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Do you know the origin of this early photo? Did it come from a movie, from a drama? Share your information with other fans. Leave a comment!

Saturday, May 06, 2006

Oh Ji-ho's Weight Loss -WHY?

Something is not quite right about OJH these days.

He has always been very thin during his career as a model. In one early photo, he looks almost frail, but that was also when he was quite young.

In Silver Knife, he had picked up muscle and weight. He looked wonderful. In A Second Proposal, at age twenty-eight, he had built up yet more body mass, and his muscular definition was beautiful. He was still a slim man, but appeared brimful of good health, vitality and strength. He glowed, and was almost too beautiful to look at with both eyes open.

Now, at age thirty, he seems to have gone back to ultra thin, and it appears to be in an alarming degree. I first noticed the difference in Super Rookie when he was wrapped in a towel, having just come from the shower. I was surprised to see how skinny he looked. His legs, which had become beautifully shaped as a result of working out, had changed, as had his torso and arms.

It bothered me a bit then, but I didn’t pay that much attention to it.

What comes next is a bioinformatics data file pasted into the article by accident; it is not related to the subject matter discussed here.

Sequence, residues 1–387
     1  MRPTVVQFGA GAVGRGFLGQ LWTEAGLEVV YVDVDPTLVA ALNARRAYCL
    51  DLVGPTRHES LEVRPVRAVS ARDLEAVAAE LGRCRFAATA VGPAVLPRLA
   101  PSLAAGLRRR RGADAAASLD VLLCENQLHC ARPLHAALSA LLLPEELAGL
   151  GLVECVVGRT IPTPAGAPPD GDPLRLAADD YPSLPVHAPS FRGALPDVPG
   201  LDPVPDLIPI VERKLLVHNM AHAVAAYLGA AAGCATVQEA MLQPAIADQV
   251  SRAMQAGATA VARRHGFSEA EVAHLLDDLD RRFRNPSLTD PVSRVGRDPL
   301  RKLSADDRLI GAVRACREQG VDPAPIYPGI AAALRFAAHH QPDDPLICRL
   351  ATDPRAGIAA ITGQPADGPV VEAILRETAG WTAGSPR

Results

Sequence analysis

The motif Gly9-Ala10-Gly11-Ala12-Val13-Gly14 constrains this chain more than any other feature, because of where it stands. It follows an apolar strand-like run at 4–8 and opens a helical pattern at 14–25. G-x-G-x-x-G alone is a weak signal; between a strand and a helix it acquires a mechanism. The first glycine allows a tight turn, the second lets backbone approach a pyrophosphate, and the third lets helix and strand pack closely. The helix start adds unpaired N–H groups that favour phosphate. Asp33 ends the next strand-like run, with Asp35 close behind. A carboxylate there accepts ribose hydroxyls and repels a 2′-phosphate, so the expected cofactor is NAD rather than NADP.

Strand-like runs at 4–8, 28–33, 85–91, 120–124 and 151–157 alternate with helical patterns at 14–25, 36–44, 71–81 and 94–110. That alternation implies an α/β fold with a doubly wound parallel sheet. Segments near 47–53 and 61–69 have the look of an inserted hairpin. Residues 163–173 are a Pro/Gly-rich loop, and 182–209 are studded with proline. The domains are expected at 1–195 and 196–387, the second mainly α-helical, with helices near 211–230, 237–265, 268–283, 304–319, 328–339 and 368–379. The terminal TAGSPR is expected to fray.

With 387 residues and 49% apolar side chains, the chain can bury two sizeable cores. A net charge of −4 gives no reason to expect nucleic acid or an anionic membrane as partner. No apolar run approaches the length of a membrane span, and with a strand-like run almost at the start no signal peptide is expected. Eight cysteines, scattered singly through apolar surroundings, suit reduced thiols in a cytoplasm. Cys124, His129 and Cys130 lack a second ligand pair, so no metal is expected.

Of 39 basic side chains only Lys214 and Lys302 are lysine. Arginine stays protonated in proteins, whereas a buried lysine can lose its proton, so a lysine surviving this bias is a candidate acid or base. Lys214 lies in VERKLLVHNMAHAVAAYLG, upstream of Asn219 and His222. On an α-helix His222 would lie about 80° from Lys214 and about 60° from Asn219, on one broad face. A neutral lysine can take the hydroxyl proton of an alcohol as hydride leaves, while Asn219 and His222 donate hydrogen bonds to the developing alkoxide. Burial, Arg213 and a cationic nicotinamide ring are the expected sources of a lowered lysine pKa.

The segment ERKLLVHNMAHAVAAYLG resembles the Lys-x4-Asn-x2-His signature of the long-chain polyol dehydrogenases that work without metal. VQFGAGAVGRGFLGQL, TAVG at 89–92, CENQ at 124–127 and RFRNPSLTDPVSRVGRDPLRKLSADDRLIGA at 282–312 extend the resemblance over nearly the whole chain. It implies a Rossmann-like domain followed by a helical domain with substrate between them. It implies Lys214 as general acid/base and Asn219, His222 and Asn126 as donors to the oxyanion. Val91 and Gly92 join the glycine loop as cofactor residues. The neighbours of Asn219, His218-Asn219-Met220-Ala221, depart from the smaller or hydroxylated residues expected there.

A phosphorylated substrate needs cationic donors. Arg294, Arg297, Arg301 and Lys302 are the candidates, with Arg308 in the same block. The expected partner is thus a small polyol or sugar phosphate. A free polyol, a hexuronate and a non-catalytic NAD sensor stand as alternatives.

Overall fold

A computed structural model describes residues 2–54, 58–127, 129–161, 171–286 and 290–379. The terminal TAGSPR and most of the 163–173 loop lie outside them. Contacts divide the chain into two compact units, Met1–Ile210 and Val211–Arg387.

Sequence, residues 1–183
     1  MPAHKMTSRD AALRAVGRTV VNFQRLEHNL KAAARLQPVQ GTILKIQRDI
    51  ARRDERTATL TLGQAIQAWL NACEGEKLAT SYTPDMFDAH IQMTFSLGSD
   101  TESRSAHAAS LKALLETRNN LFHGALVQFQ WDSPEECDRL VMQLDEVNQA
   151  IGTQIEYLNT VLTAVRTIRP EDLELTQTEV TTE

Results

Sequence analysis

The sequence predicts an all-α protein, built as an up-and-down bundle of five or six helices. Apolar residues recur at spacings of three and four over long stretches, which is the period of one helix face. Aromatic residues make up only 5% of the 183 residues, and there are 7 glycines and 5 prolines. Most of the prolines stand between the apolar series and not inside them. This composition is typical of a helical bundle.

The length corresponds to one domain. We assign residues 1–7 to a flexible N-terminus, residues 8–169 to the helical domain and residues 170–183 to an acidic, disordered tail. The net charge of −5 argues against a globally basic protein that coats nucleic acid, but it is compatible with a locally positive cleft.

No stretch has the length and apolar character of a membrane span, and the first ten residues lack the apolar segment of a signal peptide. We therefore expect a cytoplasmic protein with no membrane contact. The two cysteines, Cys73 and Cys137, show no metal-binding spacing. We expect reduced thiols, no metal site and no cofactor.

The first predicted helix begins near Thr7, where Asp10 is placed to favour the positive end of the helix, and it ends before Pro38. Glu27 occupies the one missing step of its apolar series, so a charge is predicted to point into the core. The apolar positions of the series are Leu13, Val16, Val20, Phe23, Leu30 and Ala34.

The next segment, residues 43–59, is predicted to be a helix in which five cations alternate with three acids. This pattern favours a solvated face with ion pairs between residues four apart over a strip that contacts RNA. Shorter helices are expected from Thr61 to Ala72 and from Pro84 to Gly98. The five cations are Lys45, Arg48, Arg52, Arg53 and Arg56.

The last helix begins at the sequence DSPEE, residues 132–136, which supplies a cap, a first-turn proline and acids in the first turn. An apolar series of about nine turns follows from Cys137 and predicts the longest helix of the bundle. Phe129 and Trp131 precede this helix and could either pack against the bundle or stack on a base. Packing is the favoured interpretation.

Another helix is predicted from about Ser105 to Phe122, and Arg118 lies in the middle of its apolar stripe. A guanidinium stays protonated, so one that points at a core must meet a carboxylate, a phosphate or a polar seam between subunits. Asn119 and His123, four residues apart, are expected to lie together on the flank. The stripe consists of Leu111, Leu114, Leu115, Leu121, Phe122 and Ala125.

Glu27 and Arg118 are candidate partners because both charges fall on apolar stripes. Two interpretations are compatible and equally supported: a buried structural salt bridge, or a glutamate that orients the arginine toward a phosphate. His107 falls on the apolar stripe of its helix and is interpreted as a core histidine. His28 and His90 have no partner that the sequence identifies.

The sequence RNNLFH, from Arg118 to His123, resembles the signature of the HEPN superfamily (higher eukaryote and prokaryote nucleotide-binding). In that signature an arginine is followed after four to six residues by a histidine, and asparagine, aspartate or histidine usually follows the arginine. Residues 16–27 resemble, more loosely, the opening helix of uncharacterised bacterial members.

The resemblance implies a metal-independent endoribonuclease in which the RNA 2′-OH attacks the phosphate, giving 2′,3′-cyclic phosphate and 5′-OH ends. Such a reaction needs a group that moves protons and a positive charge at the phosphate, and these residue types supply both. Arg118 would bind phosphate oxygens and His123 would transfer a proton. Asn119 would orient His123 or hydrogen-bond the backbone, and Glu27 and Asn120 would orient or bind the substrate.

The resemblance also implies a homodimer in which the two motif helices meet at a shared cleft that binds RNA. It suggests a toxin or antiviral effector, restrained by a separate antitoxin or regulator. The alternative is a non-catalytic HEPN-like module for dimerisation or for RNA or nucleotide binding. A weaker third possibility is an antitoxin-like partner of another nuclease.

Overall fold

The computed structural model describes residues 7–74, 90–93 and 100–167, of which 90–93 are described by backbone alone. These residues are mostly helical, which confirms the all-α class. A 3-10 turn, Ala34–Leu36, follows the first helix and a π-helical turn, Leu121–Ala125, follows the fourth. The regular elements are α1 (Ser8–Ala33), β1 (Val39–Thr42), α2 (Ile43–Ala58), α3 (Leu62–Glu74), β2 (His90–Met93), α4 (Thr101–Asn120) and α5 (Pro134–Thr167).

However, I recently saw him in a music video by V.O.S., and was horrified at the way he looked. His jaw was like a knife-edge. In one shot, the area beneath his chin was hollow. It really disturbed me. Oh hell…to tell the truth, it freaked me out. When I saw it, I thought, “cancer?"

Yesterday, I saw some stills taken at a Levi’s Redloop Jeans promotion. It was then that I realized just how far it’s gone. He looks terrible. His face is not the face I once almost fell on the floor over. He appears joyless and depressed.

I’ve noticed it’s a trend these days to have models look as though they’re bored to tears, sullen, irate, or all combined. The models/actors in the pix looked pretty grim also. I guess that sells pants. Who knows, or cares? The fashion industry is a demon from hell.

The thing I do care about is the fact that in one photo, he has a certain sunken look around the shoulder and breastbone that seems extreme. Particularly since his arms are at his sides, which is a relaxed position that does not exaggerate the natural hollows of that area.

I want to know: What exactly is going on? Is he sick, or under pressure from studios and agencies to be bone thin? Is he in a state of depression, perhaps emotionally distressed? Is there trouble in his love-life or family life? Any one of these things could cause someone to stop taking good care of him or herself.